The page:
1-CD with 20-page booklet, 21 tracks. Playing time approx. 45 mns.
Here are all the original recordings that Ben Hewitt made for Mercury between 1958 and 1960, including I Ain't Givin' Up Nothin', Patricia June, You Break Me Up, Bundle Of Love, Whirlwind Blues, plus the rare Mercury single by Ben's guitarist, Ray Ethier (Slave Girl/President's Walk), plus seven previously unheard demo's that were made by him and Eden Music for Elvis, I Once Had A Woman, I'll Get Over You,
Can I Be The One, Yesterday's Dreams, Together, Just To Spend One Day With You, and I Need Your Kind of Love. We at Bear Family were all very saddened when we heard of Ben Hewitt's death in 1996, but we're trying to keep his joyous and spirited rock 'n' roll music alive.
Ben Hewitt - You Got Me Shook
Pop music history tends to revolve around chart placings, which means that Ben Hewitt doesn't exist. Not a footnote. Not even bubbling under. But that's selling Ben Hewitt short. His story is not only interesting in its own right, but it tells us a lot about the second generation of rock 'n' rollers. Ben wasn't one of the creators who helped put the music together; he was among the first kids who heard rock 'n' roll and decided that it was for them, and decided that it spoke to them in a way that no other music could.
These recordings were made for Mercury in the late Fifties. At that time, Mercury's New York office was run by Clyde Otis, a black songwriter who earned the Mercury post by cowriting and producing the Diamonds' recording of The Stroll. Otis's major acts at the time were Brook Benton and Dinah Washington, but you won't hear the lush productions that characterised his work with them. Instead, Otis kept the sound rooted in Fifties rock 'n' roll. He seems to have had faith that Ben Hewitt could deliver a hit for him, and two or three of these songs could very easily have become major hits in the late Fifties. Then the story would have been very different. Like many Fifties hitmakers, Ben Hewitt could have made a decent living trading off past glories; instead, he was working in country bars around Niagara Falls, Canada when Hank Davis and I went to interview him in 1986, and had fallen on very hard times when he died ten years later in December 1996.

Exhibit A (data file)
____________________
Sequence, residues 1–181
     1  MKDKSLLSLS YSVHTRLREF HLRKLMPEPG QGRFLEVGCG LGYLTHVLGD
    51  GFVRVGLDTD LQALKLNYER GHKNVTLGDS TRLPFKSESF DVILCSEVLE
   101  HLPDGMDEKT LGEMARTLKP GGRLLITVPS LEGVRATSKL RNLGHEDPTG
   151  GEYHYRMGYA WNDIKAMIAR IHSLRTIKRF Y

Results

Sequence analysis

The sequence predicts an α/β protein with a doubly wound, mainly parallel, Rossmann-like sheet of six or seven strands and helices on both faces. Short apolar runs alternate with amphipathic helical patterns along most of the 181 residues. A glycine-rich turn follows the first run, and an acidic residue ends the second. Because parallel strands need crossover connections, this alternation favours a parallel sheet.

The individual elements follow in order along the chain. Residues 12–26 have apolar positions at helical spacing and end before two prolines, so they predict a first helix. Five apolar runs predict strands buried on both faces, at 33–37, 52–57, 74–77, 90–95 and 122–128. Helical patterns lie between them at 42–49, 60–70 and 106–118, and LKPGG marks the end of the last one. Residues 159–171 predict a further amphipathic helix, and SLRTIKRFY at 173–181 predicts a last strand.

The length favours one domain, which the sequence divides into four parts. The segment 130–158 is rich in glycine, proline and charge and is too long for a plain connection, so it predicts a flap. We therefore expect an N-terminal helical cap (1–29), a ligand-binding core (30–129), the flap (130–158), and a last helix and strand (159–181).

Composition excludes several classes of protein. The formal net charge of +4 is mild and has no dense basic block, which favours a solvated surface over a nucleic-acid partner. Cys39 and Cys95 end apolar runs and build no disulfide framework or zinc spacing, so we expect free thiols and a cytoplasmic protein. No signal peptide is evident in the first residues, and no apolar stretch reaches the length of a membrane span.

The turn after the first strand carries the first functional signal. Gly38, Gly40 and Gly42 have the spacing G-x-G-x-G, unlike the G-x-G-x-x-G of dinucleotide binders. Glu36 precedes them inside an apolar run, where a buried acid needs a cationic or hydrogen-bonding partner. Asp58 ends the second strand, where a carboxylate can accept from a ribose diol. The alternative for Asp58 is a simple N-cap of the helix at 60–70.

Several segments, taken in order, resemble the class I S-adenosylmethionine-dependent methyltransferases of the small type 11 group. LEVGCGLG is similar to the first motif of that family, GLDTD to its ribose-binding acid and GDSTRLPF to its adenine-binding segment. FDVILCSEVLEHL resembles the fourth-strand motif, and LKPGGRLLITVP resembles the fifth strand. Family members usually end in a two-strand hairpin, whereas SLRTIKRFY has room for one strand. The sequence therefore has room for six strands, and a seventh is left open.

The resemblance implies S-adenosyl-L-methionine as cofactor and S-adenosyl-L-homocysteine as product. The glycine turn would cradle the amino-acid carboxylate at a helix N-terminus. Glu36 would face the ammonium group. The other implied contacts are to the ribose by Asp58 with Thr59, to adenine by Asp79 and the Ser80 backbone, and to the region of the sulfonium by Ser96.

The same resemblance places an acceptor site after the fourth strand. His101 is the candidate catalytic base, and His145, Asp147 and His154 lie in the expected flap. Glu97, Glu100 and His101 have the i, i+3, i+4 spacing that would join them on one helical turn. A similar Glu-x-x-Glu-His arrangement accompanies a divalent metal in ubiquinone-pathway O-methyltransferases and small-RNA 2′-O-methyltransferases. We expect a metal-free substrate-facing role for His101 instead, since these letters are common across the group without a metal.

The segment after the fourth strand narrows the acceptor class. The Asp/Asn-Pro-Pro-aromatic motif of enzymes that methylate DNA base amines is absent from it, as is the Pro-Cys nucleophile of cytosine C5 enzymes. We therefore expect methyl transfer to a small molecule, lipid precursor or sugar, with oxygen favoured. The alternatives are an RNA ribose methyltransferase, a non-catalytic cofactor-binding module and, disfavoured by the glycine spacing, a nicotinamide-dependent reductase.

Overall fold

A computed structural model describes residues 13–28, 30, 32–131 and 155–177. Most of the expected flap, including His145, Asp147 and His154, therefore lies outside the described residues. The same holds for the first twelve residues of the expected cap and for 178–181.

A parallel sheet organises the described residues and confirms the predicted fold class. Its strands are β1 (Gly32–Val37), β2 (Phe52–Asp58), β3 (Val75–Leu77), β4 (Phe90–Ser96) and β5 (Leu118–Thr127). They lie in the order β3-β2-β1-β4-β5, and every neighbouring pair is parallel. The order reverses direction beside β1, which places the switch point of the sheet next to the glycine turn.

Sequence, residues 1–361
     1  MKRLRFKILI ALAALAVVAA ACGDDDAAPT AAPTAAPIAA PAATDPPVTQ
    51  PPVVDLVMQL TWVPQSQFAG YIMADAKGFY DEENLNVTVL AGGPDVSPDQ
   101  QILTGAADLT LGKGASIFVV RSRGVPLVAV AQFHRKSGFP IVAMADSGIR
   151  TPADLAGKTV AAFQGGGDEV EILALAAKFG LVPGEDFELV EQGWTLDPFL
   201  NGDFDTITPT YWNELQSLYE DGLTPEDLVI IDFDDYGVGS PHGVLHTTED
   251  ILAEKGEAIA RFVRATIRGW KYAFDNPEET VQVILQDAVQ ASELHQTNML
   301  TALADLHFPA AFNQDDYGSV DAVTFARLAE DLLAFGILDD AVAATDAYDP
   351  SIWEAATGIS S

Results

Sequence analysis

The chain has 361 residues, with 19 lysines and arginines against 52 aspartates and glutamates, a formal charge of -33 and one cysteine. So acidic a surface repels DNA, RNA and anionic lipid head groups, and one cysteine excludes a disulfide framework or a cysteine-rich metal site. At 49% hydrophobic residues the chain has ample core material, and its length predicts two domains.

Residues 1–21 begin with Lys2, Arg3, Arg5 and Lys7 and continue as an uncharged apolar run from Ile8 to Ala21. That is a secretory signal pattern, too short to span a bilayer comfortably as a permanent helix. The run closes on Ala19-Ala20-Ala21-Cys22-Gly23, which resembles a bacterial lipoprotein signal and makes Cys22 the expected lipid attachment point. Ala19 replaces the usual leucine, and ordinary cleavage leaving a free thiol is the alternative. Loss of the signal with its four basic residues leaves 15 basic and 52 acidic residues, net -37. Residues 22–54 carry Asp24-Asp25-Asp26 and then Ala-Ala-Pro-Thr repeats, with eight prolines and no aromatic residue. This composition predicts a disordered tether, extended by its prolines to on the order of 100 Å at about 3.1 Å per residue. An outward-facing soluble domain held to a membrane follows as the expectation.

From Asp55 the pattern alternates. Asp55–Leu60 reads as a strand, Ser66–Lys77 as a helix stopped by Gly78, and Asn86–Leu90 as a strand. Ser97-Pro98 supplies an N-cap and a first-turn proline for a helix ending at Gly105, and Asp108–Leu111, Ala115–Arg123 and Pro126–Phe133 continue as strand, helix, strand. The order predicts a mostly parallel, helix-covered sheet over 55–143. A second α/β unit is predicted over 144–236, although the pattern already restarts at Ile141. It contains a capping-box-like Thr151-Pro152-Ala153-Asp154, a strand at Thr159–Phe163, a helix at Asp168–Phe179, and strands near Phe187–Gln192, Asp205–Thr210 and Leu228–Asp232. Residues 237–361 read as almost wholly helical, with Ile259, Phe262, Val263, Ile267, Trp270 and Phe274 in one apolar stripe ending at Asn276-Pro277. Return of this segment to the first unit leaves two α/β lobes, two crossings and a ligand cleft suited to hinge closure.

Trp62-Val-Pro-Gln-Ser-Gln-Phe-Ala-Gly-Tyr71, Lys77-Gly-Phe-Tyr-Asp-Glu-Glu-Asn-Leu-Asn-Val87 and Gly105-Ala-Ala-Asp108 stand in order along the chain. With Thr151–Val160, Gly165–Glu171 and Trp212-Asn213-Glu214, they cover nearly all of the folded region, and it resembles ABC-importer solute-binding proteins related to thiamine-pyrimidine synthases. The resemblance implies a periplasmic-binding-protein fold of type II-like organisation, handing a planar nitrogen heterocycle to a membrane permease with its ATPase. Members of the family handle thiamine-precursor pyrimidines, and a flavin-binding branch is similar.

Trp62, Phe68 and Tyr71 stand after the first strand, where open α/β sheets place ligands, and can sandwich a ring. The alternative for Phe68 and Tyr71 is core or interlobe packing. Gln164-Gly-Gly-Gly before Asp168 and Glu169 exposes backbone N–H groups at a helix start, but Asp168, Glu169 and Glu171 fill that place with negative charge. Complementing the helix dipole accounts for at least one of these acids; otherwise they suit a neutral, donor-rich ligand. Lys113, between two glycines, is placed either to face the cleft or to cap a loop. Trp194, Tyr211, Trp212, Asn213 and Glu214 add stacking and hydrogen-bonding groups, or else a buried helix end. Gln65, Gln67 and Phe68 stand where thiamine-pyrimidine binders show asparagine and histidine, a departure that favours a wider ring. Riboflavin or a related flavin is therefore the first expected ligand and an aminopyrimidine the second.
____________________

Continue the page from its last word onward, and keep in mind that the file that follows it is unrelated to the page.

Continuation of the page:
What follows is a transcript of the interview that Hank Davis and I did with Ben Hewitt in 1986. It was used verbatim as the liner notes for the LP version of this record. Usually, we prefer not to use verbatim interviews as liner note text, but Ben told his own story so compellingly that it was senseless to render it any other way.
Toronto, October 1997.
Q: Let's begin with some standard biographical questions like when and where you were born?
Ben Hewitt: I was born on September 11, 1935 in a one room dirt floor log cabin on the Tuscarora Indian Reservation in New York State.
Q: When did you get your first guitar?
BH: I wanted a guitar from the time I was nine or ten. I kept bugging my father and finally when I was about twelve he broke down and bought me a ukulele. About a year or so later, I got my first guitar, a $12 Stella. That thing would make your fingers bleed and would go out of tune while you were changing chords. An old guy named Clayton Green taught me the basics. He made his own guitar picks out of the ivory on piano keys. Tom T.Hall had his Clayton Delaney, I had my Clayton Green.
Q: What kind of music influenced you?
Ben Hewitt: I love Sun Records. I was a real nut for that stuff. The earliest Sun Record I have was Just Walkin' In The Rain by the Prisionaires. I used to love Ubangi Stomp. You ever heard Chicken Hearted by Roy Orbinson? Great stuff! Remember Dixie Fried by Carl Perkins?
Q: You were obviously influenced by Elvis Presley?
Ben Hewitt: People who saw me performing in a bar somewhere would call me Elvis. Years later some of them would swear up an down that they had seen Elvis perform in a bar. But when I was up there performing I wasn't doing Elvis; I was doing my hero, Little Richard Penniman. I saw him on a package show, Ruth Brown was the headliner. He was hot with Ready Teddy at that time. I was awestruck by the drive of this man. About six months later he came to the Zanzibar Club in Buffalo and I was there on Monday night and I caught every show that week. I even booked off work to go see him. I blew a fortune there. He had a band that wouldn't quit. They came out first and opened with all the old Red Prysock numbers. When I went back to do my act that's who I was doing. Little Richard. Shakin' my ass, carrying' on, doing flip flops.
more in booklet...